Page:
MYSTERIES

Who discovered Klondike Gold?

There are other mysteries in Canada about unusual cases from the Viking age to the Klondike Gold Rush

Michael B.
Nov 16 2021 ·
Gold Rush
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A team of historians have been trying to solve some historical "cold cases" in Canada -- old crimes in which the guilty ones walked, and even more insidious crimes where a whole village may have been complicit. There are other mysteries too, about unusual cases from the Viking age to the Klondike Gold Rush.

Who discovered Klondike Gold?

Why is the Canadian flag flown upside down?

And who really invented hockey?

The Case of William McArthur... A man of mystery?

William McArthur, a Scottish ex-miner, was the first man to discover gold at Klondike. He claimed he found it near the mouth of the Yukon River in 1897, and when word got out, it was big news. He went on to become mayor of Dawson City, one of the world's most important mining centres in the late 19th century.

McArthur left Dawson City in 1900 and started another gold boom town - this time, at the mouth of the Stikine River. But he never went back to Canada. In fact, he didn't even go back to Scotland.

In 1903 he went to South Africa to make a fortune in diamonds. He returned to Scotland and became an MP, where he stood up for free trade and the abolition of tariffs.

CBC series has been able to solve the mystery of the man who helped shape Dawson City - the founder of the Yukon's first university and its first library. CBC's Amanda Lang sat down with McArthur's granddaughter, Anne McArthur, in the home where she grew up, which still stands on Stikine Street.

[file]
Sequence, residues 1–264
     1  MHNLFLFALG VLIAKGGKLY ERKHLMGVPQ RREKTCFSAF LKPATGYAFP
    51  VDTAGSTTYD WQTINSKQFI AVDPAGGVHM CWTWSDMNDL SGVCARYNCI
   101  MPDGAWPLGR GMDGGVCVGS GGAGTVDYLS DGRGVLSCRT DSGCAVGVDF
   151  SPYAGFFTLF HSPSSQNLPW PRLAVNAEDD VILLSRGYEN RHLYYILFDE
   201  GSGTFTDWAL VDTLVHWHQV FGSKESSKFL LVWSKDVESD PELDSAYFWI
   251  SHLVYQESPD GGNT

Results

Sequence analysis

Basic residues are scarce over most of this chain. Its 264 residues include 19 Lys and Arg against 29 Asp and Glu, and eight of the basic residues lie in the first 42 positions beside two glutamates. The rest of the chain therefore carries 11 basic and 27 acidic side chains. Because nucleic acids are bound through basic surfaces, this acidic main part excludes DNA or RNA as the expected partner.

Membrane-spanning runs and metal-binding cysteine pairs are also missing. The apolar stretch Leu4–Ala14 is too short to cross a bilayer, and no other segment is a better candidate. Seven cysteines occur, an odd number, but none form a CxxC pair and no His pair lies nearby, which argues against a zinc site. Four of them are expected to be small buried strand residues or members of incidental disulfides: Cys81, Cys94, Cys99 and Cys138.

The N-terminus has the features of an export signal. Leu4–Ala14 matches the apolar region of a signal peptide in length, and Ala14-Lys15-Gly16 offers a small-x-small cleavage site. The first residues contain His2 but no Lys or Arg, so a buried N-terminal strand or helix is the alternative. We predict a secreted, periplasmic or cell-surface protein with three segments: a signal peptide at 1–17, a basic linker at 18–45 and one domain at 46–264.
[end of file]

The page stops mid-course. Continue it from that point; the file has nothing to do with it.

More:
As a young woman, Anne McArthur was determined to find out more about her grandfather's life. She had never seen any photos of him, other than the two or three on his headstone. She wondered if she could track him down in the Yukon or elsewhere. It wasn't easy.

The last known address of her grandmother's sister, Anne's mother, was in Manitoba. She moved around a lot and left Canada for good. As she was leaving for university in the early 1970s, however, Anne got a phone call from an old family friend who lived in Montreal. "She said, 'Have you ever heard of a place called Little Red River?"' Anne recalls. She thought the name sounded familiar. "I went to the library and looked up maps and I found it. It was only a dot on the map, about 25 miles from Winnipeg, but there it was."

The two women drove to Little Red River. It was a bleak little settlement with few people. Anne was astounded. There were only three houses, a school house, a church and the river. The townspeople, who had been living off fish they caught in the river, welcomed her and her brother and aunt, and gave them jobs helping build the local school. Anne, who was 16, stayed for almost two years, until she finished high school.

The school taught only three subjects: reading, writing and arithmetic. She wrote letters home and drew pictures of the prairies. When Anne was 17, the new Manitoba School Act was passed, and a teacher-training school opened near Stonewall, about 50 miles northwest of Red River. She began teaching there, and the following year, she married William Lyle McKinnon, a man 20 years older than her. In 1905, Anne's husband accepted a position as superintendent of schools for the rural area south of Winnipeg. He and his wife moved to that area in 1907.

There, Anne gave birth to four children: sons, Bill and Bruce, and daughters, Marjorie and Margaret. In 1914, after eight years as superintendent, Mr. McKinnon became principal of Brandon College (now Brandon University), where he stayed until his death in 1936.

Anne McKinnon continued to teach at the college. In 1924, she started a correspondence school, and in 1926, she founded a commercial art school called "Academy of Art." Anne McKinnon, who lived a quiet life of teaching, gardening, and painting, died in 1948 at the age of sixty-seven.

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